Eleanor Roosevelt at the Washington Club of the American Red Cross in Mayfair, London, England. FDR Library Photograph Collection, NPx 51-115:1(16).

Eleanor Roosevelt and the Chief Commander of the Auxiliary Territorial Service (ATS) inspecting ATS troops somewhere in England. FDR Library Photograph Collection, NPx 51-115:1(25).

Eleanor Roosevelt greeted by King George and Queen Elizabeth at Paddington Station upon arrival in England. Malvina Thompson in background. FDR Library Photograph Collection, NPx 51-115:1(3).

Eleanor Roosevelt in Glasgow, Scotland. FDR Library Photograph Collection, NPx 51-115:1(92).

FDR at Malta
On February 2, 1945, FDR arrived in Malta aboard the USS Quincy for a preliminary conference with Prime Minister Winston Churchill before the meeting in Yalta of Roosevelt, Churchill and Stalin.  

President Franklin D. Roosevelt with Prime Minister Winston Churchill at Malta on way to Crimea, Yalta Conference. Signal Corps Photograph. FDR Library Photograph Collection, NPx 49-164:2008(47).

President Franklin D. Roosevelt with his daughter Anna Boettiger on the USS Quincy at Malta. Signal Corps Photograph. FDR Library Photograph Collection, NPx 49-164:2008(50).

President Franklin D. Roosevelt with Anna Boettiger, Sarah Churchill and Prime Minister Winston Churchill aboard the USS Quincy at Malta before the Yalta Conference. Signal Corps Photograph. FDR Library Photograph Collection, NPx 48-22:3659(15).

President Franklin D. Roosevelt aboard the USS Quincy with James F. Byrnes and Ross McIntire (foreground) at Malta. FDR Library Photograph Collection, NPx 78-9(523).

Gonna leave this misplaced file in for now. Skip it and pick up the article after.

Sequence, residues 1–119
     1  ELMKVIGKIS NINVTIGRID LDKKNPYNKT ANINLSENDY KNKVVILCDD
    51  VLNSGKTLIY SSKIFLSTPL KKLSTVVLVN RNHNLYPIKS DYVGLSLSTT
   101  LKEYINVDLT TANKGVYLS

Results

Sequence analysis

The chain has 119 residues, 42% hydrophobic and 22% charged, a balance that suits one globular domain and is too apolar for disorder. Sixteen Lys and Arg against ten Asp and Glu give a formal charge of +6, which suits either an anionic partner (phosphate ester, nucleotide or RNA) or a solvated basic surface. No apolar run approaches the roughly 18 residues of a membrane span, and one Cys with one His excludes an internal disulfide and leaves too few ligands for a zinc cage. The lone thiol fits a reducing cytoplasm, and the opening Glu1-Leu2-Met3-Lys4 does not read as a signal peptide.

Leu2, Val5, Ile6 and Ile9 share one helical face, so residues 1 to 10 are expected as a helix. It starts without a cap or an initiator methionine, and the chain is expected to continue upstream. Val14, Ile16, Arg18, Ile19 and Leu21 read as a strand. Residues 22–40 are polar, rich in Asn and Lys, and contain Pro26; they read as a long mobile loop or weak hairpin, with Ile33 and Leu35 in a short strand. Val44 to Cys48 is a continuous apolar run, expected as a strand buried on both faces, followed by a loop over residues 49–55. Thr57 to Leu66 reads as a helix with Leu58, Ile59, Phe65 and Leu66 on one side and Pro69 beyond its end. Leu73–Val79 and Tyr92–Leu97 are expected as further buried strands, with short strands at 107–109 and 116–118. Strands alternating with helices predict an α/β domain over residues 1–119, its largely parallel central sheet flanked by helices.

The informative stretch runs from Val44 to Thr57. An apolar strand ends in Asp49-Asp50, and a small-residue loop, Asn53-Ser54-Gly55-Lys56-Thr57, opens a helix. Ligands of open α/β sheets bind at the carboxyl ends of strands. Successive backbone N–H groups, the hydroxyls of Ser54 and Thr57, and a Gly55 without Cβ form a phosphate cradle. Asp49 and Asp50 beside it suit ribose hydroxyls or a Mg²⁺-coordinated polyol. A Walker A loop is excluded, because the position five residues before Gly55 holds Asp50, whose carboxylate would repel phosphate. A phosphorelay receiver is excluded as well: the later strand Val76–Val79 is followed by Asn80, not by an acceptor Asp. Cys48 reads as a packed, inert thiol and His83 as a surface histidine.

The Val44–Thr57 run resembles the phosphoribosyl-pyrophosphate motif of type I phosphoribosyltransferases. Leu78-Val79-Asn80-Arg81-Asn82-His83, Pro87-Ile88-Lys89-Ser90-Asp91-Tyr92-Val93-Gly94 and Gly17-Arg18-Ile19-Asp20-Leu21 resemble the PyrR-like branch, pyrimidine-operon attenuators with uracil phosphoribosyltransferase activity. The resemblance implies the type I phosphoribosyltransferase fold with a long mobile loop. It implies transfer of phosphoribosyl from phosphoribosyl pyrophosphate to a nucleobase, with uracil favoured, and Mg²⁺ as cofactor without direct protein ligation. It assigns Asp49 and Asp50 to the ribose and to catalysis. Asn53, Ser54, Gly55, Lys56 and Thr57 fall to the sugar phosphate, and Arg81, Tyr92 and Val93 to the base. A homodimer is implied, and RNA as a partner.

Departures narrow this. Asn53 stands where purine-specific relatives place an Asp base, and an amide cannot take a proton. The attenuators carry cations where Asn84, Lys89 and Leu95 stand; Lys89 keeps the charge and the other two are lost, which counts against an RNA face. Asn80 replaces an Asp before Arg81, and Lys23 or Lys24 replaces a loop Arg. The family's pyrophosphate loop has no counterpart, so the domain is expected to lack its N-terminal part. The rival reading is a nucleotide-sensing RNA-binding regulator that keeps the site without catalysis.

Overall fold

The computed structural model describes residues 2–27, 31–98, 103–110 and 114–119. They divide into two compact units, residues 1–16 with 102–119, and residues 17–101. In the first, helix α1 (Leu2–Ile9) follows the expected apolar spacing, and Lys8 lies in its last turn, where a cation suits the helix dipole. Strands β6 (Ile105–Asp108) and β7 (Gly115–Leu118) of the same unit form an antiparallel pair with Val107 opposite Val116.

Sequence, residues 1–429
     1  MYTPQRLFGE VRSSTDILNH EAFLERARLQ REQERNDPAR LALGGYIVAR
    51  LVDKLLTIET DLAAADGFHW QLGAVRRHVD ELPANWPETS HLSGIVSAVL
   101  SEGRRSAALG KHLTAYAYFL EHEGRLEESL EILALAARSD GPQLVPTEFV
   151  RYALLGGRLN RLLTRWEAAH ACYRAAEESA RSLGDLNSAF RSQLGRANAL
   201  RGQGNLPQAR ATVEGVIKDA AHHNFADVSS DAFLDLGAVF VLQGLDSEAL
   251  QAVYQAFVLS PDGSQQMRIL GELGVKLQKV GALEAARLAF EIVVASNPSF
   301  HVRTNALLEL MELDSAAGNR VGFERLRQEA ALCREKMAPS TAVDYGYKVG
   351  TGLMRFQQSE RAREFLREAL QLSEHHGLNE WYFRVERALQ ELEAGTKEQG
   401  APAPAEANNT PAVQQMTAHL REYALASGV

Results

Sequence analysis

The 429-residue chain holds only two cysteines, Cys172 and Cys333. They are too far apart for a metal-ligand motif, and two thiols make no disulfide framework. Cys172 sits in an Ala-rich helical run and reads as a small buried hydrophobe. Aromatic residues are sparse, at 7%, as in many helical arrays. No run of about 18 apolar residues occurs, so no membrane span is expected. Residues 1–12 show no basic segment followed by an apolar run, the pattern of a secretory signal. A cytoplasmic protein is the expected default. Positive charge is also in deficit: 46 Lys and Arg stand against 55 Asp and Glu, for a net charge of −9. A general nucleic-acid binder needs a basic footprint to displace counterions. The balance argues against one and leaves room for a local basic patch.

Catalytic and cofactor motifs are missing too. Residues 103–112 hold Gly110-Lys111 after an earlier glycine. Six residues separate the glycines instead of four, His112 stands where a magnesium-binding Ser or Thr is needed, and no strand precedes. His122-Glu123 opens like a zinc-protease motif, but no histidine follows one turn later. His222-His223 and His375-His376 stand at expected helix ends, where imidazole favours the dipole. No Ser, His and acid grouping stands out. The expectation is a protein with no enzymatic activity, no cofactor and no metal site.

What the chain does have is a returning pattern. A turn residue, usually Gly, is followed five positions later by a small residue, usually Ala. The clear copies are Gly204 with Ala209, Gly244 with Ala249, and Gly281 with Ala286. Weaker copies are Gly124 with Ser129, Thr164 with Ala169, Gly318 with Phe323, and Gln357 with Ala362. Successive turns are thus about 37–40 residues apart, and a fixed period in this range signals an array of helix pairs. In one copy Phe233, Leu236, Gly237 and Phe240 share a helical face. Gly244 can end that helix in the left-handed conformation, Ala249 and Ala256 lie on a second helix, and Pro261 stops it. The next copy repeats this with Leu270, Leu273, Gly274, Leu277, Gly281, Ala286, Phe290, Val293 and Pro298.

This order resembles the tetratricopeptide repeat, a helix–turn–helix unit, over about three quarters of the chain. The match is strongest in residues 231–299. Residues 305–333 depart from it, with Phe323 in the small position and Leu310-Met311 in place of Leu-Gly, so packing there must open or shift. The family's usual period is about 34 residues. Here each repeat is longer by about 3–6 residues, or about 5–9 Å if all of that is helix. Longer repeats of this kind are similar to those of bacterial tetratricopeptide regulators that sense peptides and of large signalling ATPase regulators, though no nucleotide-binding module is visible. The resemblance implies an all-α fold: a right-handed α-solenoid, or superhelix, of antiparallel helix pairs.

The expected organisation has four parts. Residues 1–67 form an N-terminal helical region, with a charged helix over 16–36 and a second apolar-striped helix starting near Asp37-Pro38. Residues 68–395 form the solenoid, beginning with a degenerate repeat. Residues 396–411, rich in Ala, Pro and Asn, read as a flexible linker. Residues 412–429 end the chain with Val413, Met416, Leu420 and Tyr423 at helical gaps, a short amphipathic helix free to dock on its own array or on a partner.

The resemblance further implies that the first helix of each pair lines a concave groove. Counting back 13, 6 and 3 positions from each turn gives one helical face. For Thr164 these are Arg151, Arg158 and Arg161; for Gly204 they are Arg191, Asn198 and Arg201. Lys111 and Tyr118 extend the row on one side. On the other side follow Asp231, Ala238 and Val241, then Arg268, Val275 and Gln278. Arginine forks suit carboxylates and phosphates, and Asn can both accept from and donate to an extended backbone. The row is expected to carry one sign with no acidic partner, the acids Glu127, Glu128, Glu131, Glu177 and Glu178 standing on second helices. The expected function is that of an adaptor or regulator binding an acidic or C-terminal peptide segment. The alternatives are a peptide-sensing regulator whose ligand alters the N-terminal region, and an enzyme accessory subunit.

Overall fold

The heavy cruiser USS Quincy arriving at Malta. FDR Library Photograph Collection, NPx 49-164:1579.

Telegram from Prime Minister Winston Churchill to President Franklin D. Roosevelt regarding their meeting in Malta prior to the Yalta Conference. Map Room Papers, FDR Library.

Yalta Conference
“I didn’t say the result was good. I said it was the best I could do.” -Franklin Roosevelt to diplomat Adolf Berle, Jr. In the winter of 1945, Roosevelt met with Winston Churchill and Joseph Stalin for the last time. The setting was the Ukrainian town of Yalta. The Big Three gathered to chart a course for final victory in World War II.  But during the Yalta Conference, they also struggled to create the basis for post-war cooperation. FDR received Stalin’s firm commitment to enter the increasingly bloody war against Japan three months after Germany’s defeat. With American casualties rising in the Pacific war— and the atomic bomb yet untested— this was a significant achievement for the President. The Big Three also formally agreed to another of FDR’s priorities—the establishment of the United Nations organization. But there were serious disagreements about the future of Germany and the fate of areas occupied by Soviet armies, especially Poland.  

Joseph Stalin presented President Roosevelt with this pair of bear fur gloves. FDR Library Museum Collection, MO 2001.8.2.

And this box of Dukat papirosa (unfiltered) cigarettes. Inside the box are 13 unused cigarettes. FDR Library Museum Collection, MO 2004.11.5.